How glorious it all was. How glorious they all were.
We mustn’t judge things by their end.
In the aftermath of the fall of Troy, Agamemnon, the victor, locks horns with Hecuba, the vanquished queen. Both have suffered intimate loss — the sacrifice of a daughter, the murder of a son.
In Marina Carr’s bold response to Euripides (‘the most intensely tragic of all poets’ — Aristotle) there’s a demand for further bloodshed. In a brilliant display of ventriloquism the drama weaves threads of inconsolable rage and grief with fate, revenge and inevitable carnage. It explores the shreds of duty and honour as well as the terrible deeds hatred breeds as it touches bravely on Hecuba’s heroic nature and ‘the endless tears of women’.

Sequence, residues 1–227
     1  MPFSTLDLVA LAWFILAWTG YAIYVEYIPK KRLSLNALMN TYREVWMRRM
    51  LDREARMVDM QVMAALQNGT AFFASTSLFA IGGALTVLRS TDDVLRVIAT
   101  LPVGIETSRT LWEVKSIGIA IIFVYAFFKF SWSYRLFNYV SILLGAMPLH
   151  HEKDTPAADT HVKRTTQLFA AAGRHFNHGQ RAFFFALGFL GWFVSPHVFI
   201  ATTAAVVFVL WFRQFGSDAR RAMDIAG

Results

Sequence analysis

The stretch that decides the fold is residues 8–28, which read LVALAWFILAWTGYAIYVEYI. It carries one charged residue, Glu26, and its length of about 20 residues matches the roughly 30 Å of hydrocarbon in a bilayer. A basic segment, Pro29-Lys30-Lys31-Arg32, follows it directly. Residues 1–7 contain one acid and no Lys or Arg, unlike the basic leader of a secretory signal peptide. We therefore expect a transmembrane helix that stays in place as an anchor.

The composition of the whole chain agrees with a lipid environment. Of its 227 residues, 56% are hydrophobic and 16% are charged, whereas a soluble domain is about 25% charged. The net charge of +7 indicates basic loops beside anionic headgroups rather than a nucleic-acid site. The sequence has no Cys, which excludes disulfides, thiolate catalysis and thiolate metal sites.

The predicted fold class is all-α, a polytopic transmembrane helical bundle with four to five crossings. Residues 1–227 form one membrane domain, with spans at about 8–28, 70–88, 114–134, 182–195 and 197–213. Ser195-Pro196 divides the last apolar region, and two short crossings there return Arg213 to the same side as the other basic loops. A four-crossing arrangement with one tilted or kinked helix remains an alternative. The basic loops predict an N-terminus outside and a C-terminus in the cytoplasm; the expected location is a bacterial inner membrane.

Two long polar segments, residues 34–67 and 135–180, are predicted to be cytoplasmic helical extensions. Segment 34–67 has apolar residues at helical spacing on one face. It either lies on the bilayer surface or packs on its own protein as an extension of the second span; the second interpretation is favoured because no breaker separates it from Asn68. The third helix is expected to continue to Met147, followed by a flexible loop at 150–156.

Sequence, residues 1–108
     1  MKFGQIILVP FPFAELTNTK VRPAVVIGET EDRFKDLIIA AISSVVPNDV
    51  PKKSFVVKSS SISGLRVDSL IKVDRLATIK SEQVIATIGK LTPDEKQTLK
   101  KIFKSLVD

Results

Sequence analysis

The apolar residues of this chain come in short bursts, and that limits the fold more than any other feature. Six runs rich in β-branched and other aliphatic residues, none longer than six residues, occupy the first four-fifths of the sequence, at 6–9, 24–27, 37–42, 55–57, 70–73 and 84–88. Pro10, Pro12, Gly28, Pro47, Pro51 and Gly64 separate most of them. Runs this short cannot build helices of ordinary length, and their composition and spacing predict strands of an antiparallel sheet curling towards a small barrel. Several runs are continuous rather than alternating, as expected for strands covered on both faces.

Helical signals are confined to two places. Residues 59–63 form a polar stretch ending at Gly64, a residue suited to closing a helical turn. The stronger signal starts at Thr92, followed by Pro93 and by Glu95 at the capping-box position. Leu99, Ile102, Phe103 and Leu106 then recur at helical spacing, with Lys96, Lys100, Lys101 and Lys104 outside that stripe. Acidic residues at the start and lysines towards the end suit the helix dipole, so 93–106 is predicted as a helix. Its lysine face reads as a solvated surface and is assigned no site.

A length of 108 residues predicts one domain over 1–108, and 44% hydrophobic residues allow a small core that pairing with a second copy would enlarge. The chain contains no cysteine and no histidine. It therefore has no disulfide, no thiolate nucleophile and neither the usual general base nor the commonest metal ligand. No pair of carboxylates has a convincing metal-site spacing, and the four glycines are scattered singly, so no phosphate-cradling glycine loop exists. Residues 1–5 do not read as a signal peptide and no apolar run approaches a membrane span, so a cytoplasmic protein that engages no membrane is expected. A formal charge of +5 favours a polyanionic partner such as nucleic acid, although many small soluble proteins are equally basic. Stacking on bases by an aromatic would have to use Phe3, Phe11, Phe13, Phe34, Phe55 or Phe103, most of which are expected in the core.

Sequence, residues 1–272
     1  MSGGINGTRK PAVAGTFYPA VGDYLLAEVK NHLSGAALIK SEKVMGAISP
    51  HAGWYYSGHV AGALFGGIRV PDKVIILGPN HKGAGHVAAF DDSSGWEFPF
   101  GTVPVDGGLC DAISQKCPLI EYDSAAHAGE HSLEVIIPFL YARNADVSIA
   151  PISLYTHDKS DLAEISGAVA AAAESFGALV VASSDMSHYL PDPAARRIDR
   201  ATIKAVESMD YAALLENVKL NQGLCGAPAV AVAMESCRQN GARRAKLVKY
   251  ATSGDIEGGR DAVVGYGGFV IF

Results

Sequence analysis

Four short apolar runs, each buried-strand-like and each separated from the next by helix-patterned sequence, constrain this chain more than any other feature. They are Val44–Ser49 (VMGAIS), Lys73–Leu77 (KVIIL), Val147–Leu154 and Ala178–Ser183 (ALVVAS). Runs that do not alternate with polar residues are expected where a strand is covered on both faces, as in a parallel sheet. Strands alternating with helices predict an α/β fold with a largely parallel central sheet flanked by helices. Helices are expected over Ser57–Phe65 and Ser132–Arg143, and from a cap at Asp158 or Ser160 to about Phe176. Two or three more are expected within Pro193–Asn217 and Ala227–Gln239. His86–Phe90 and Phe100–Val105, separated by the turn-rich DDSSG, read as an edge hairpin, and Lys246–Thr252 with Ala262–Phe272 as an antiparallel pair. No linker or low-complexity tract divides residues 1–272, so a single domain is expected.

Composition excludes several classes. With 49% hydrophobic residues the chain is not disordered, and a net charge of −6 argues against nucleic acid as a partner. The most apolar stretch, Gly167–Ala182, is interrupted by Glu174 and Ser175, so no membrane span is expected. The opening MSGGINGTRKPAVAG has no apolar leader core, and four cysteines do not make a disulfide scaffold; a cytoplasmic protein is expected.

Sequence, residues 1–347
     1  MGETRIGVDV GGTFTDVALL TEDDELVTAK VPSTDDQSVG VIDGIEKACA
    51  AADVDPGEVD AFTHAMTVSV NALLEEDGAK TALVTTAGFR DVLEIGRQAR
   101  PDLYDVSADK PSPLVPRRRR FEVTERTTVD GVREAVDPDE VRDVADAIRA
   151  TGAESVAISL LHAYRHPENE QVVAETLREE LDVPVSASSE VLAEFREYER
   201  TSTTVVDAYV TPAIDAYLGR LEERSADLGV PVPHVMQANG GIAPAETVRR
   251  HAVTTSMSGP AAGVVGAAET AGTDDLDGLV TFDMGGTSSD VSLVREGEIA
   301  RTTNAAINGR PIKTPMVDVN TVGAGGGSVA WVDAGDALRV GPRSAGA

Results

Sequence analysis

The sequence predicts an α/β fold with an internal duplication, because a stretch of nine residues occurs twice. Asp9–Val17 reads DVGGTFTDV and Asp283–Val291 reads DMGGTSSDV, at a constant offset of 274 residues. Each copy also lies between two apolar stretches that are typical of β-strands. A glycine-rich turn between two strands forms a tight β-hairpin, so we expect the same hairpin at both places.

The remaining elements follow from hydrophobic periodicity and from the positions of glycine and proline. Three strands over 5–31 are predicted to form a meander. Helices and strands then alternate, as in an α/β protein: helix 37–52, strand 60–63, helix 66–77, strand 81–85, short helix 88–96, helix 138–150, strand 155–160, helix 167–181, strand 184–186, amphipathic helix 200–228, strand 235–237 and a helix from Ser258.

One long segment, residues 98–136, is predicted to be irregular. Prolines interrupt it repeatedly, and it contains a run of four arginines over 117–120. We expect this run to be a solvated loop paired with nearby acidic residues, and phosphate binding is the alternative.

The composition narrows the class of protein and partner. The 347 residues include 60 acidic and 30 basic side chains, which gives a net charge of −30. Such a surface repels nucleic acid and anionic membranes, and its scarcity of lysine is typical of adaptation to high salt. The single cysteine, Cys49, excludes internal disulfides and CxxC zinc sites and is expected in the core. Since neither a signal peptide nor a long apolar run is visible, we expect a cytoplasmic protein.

I am not aware of another woman who writes about tragedy with such grandeur. She goes to a deep place that has not just to do with society now but that touches an inner tragedy of existence.
— Joyce McMillen, New York Times